The days are getting brighter, daffodils are blooming – so why aren’t you feeling the joys of spring? If you feel physically and emotionally exhausted, overwhelmed and isolated, you might be experiencing burnout.

Recognised officially by the World Health Organisation (WHO) as an occupational phenomenon, burnout can occur when we experience long term and excessive stress, either at work or in our personal life. And after the last couple of years, it’s not surprising that more of us than ever are feeling closer to burning out.

So, what can we do to help ourselves reduce stress and recuperate?

Identify the causes of stress

Burnout is a form of exhaustion from feeling completely swamped all the time. We just can’t keep up with the constant demands on our time, energy and emotions. So, perhaps it’s important to work out where all the demands are coming from.

A big factor is likely to be work, of course. We all find work stressful at times, but when it’s beginning to impact on our mental health, we need to take action. Of course, we can’t just remove ourselves from the cause – walking away from work is just not that easy. We can take time to talk to our employers about recognising and managing stress in the workplace.

But it’s not just work. Right now we are all worried about money; just watch those energy prices spike! Health issues, relationships, lack of sleep – all these factors contribute. While there is unlikely to be a quick fix, just taking some time for self-care can help you to improve your mental health.

Here’s a few ways you can help yourself to reduce the impact of burnout.

Set clear boundaries in your home office

There’s been a lot of focus on home working since 2020, as thousands of office workers found themselves sitting down in their kitchens to work from a laptop for the first time. The sudden change from a workplace environment was perhaps more startling than many expected. Instead of office banter, easy interactions over the monitor and long chats at the coffee machine, people were isolated and expected to work out how to focus through the distractions of home life. It’s not as easy as many had thought.

It’s important to set clear boundaries so that your work life doesn’t spread across your home as well. If you can keep your home office separate to family space, it helps. But if you can’t, then make sure you put away your office at the end of the working day so you’re not tempted to pick up emails late at night. And that means setting office hours as well, so that your days don’t leech into your evenings. By the way, this goes for anyone who works over their expected hours in a workplace too!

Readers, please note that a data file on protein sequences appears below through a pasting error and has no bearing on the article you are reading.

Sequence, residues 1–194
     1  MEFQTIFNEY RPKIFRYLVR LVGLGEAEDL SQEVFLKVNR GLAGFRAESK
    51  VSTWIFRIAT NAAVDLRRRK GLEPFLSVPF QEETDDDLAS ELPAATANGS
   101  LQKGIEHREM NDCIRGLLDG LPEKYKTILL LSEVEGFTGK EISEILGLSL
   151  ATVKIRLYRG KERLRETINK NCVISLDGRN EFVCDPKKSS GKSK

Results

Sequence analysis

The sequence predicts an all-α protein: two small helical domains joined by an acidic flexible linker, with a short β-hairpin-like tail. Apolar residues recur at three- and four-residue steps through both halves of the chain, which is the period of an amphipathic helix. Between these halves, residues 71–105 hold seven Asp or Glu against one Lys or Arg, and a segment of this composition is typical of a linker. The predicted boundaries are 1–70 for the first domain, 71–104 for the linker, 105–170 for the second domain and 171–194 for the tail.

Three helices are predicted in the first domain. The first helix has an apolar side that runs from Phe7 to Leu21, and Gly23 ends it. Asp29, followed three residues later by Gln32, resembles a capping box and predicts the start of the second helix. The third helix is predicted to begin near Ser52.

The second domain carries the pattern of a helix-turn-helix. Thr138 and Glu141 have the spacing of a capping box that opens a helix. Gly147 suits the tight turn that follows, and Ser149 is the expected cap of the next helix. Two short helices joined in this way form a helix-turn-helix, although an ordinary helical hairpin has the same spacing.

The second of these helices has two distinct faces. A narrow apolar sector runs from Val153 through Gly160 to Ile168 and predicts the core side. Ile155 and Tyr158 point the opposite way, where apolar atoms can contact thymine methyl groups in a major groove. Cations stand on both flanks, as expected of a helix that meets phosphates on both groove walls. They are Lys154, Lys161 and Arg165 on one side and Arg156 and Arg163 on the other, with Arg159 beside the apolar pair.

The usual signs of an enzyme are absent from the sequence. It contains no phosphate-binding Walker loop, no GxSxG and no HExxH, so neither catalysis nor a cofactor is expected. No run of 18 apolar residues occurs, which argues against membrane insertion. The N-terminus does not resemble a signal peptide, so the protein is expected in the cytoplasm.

It’s ok to say no

Now that restrictions are leaving, some of us are heading back to the office. And we’re finding that our social lives are picking up as well. But just because workmates want to head out to lunch, or friends are inviting you for after work drinks, it doesn’t mean you have to go.

Yes, we’ve been locked down for a long time, and you might want to ‘get back to normal’. But just as heading into lockdown was a shock to our systems leading to many feeling isolated, suddenly heading back out to multiple lunches, parties and evenings out will be another extreme change.

There is no harm in taking it slowly. If you don’t want to rush back out to pubs and restaurants, don’t be afraid to say no to invitations. Whether you are still wary about being in crowded spaced, or just don’t want to go out, then listen to yourself and put your own wellbeing first.

Keep up the activities that make you happy

Others have really flourished while working from home, finding they have more time to be with family and perhaps start new hobbies or exercise more. The key is not to stop now, as things return to normal. Use this new chapter to continue your new hobby, do things that you love and keep nurturing those relationships with the people who make you happy.

Schedule in time for yourself

Even the most outgoing of people need some quiet time to themselves. It’s not selfish to care for your own mental health by taking a break.

Schedule in a little time each week that’s just for you, when you can relax and recharge. It might be a quiet walk in the woods, letting fresh air and nature lift your spirits and calm your mind. Or a sunny sofa and a book, quiet me-time that takes you away from thinking about day to day life.

Book yourself in for a treatment and let natural therapies do the healing. A reflexology session relaxes your mind and boys, improves circulation to remove toxins from the body – built up from prolonged exposure to stress – and helps to restore your wellbeing.

Take care before you burnout

If you’re under pressure and feeling stressed, putting some strategies in place now might just help you reduce the chances of reaching complete exhaustion. It’s better for your health, and means you’ll be able to deal with future stress too.

Before you reach complete burnout, why not take time to assess your stress levels now. Book in for a calming holistic therapy, and give yourself some time out today.